Dear friends of Principled Didacticism, I have a little hypnosis experiment installed at Esther Klein this month, for Vasst, curated by Beth Heinly. Pop in some time, if you happen to be in Philadelphia. Tracks will soon be available online, and for your smart-phone. Here’s the short description:
Call it a foray into “transcendental science.” Hypnosis seems to me like an ideal laboratory for screwing around with certain ideas found in Kant’s The Critique of Pure Reason. With the eyes closed, the body immobile, and the mind in a hypersuggestible state, we are a bit more isolated from the empirical world; able to better see how we impose certain a priori concepts— like Substance or Causality— onto our world.
The hypnosis station will include tracks dedicated to various Kantian categories, as well as a few other topics, for your edification.
The tracks include the preface, the hypnotic induction, experiments on causality, space, substance, and the transcendental subject, as well as tracks to help you gain weight and lose confidence, and for using hypnosis in the hallowed art of seduction. Many more, coming soon (longer description pasted below)
“Kant and Hypnosis: on Not-So-Empirical Science./Brandon Joyce
In 1781, Kant published The Critique of Pure Reason. The idea behind this book was to describe how experience comes about and where knowledge comes from. Kant had come up with a clever compromise between the Empiricists, who thought that everything was impressed upon us by the world, and the Rationalists, who thought everything could be found and confirmed within the inner mind. Kant’s compromise was this: there are some things that the world impresses upon us, empirically, through the senses, and there are other things— certain concepts— that we impose upon the world to give it form and order. The Critique of Pure Reason was Kant’s attempt at demonstrating which was which— and at laying the foundations for knowledge and experience on the “transcendental.” Kant penned a fairly specific account of these transcendental, or “a priori,” concepts. They included Time and Space (what Kant called our “Transcendental Aesthetic”), Causality, Substance, the Self (or more specifically, what Kant called the “Transcendental Subject”), and a few other categories. Again, we do not find these concepts out there, in the empirical world, even if common sense tells us as much. We impose them upon our world in order to make sense of it.
One of the things I find juicy and intriguing about all this is the possibility of a “science” of the transcendental, of a non-empirical science that is still capable of experimentation. What makes it even trickier is that I do not consider these concepts to be fixed and universal in the same way that Kant did. I think that our concepts of Time, Space, Causality, Substance, etc., can bend and shift and warp, and do so quite frequently, and often imperceptibly. They are ordering principles, like coordinate planes in geometry, or like systems of measurement. And just as in the choice between polar or Cartesian coordinates, or between English and metric systems, we can use a variety of ordering principles to make sense of things in the empirical world. But the problem is: how do you go about demonstrating this? How do you going about making an experiment?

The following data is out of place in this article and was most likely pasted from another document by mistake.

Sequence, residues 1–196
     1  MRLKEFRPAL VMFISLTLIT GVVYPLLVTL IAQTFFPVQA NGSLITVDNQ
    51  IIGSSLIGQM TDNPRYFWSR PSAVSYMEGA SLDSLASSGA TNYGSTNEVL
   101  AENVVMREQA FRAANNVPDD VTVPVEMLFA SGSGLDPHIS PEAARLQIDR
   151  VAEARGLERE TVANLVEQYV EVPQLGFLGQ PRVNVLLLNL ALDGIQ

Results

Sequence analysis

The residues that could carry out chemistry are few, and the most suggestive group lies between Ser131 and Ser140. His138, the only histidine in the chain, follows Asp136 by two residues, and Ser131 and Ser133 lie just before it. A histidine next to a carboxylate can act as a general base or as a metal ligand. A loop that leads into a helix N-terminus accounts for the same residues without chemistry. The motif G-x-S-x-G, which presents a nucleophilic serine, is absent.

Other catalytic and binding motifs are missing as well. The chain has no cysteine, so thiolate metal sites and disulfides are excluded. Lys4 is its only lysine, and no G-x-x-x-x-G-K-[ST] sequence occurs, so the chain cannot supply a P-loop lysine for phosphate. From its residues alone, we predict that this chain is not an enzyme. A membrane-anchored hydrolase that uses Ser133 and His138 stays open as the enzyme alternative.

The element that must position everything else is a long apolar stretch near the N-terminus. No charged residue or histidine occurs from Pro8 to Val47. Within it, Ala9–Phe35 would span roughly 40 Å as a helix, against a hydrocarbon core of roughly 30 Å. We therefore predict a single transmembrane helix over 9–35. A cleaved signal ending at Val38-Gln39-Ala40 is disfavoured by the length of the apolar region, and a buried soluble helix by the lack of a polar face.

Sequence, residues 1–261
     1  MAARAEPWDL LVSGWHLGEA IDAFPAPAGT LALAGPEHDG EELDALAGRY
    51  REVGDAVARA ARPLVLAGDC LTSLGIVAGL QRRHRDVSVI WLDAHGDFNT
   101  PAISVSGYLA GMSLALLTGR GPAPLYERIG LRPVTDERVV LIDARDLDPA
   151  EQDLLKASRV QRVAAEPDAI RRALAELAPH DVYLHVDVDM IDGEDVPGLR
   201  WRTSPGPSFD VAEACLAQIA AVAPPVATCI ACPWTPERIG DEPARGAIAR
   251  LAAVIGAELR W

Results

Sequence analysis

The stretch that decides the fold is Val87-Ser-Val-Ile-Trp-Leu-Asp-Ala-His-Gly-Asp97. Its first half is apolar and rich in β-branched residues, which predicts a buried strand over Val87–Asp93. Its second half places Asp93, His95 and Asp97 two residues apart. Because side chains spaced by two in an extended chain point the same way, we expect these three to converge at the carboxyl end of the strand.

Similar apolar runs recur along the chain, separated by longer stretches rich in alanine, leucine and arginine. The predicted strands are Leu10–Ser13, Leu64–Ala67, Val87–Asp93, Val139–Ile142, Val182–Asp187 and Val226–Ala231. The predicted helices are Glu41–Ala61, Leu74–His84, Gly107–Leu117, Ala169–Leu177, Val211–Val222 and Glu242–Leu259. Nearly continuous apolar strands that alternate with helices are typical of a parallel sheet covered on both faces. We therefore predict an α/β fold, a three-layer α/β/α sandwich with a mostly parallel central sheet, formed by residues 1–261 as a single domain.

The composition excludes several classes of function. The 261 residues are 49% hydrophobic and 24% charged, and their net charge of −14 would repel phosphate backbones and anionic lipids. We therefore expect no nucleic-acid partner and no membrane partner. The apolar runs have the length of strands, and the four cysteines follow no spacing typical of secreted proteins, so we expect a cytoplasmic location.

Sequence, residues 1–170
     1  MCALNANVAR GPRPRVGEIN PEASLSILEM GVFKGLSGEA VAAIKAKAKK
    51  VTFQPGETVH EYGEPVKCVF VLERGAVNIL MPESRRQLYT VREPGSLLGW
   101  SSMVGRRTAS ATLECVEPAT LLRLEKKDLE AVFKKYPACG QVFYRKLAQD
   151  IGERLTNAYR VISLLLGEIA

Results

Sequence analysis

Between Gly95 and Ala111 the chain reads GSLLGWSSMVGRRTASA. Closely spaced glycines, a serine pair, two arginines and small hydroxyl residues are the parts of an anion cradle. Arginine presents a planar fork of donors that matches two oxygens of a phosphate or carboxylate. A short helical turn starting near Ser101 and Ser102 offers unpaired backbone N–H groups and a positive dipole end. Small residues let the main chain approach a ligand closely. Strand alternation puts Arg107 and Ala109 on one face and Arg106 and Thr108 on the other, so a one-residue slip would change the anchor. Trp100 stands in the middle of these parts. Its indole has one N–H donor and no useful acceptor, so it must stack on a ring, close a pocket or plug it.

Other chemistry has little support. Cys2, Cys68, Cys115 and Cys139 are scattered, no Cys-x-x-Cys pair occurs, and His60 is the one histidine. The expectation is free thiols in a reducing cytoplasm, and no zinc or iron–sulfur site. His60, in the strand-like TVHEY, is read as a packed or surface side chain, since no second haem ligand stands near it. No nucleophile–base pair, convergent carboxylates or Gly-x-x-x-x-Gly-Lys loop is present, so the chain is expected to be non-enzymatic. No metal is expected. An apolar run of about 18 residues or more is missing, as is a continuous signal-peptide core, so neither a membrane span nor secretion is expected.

You can’t very well measure the non-empirical. If time seems slower, or space smaller, you are hard-pressed for notation, since any form of notation will be within the interpretive grid of whatever sense of time and space, or whatever category, you might be employing. One of the best things I could come up with in terms of demonstration was the hypnotic setting. Hypnosis seems like an ideal laboratory for “Transcendental Science.” With the eyes closed, the body immobile, and the mind in a hypersuggestible state, we are probably the closest we will ever get to being free from the empirical world. It’s a state in which can best witness ourselves imposing things on our experience, undistracted by the “rhapsody of perceptions.”
This is also why I think it’s no coincidence that hypnoidal settings— like meditation— often stumble into Kantian territory before too long, often even employing language very similar to the Critique to describe their discoveries. What I have tried to do in these experiments is to employ hypnosis in order to toy with these Kantian concepts a little, hopefully getting the subject to see this imposition in action. If the subject can sense these concepts bending, shifting or warping, I consider the experiment a success. The first part of the experiment always consists of hypnotic induction by audio, that is, relaxing and desensitizing the body while putting the mind into a more-malleable, hypersuggestible state. The second part consists of an experiment with a concept, such as Substance or Causality. I’ve also included a few extra tracks— for your enjoyment— to further explore the possibilities of hypnosis outside of the Kantian framework. I hope you enjoy these experiments.”